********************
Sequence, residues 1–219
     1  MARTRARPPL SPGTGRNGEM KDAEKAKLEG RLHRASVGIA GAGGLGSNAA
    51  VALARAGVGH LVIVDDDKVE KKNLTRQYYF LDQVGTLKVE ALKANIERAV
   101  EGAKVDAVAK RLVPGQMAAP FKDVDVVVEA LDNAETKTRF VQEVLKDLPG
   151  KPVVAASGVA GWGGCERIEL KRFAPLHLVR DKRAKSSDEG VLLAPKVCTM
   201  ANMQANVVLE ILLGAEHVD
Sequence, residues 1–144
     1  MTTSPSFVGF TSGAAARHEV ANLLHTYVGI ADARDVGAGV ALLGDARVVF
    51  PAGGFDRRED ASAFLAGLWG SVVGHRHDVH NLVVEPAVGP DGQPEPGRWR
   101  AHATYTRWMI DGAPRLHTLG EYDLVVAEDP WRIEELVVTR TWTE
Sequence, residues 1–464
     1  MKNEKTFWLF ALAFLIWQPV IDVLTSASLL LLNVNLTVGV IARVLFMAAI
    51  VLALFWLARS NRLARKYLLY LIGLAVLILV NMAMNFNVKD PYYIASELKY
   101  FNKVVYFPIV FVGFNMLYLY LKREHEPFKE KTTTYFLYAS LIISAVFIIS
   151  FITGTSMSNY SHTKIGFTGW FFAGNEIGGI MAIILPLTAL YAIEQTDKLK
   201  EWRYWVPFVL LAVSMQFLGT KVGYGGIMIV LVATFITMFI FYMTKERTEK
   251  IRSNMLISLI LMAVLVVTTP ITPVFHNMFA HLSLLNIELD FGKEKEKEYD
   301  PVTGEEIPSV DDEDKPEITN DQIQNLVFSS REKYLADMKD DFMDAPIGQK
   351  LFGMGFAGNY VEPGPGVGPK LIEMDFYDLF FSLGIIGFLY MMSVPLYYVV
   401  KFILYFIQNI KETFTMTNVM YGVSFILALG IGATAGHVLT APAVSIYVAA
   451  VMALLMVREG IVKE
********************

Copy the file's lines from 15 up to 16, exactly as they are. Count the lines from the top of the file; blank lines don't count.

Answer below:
   151  FITGTSMSNY SHTKIGFTGW FFAGNEIGGI MAIILPLTAL YAIEQTDKLK
   201  EWRYWVPFVL LAVSMQFLGT KVGYGGIMIV LVATFITMFI FYMTKERTEK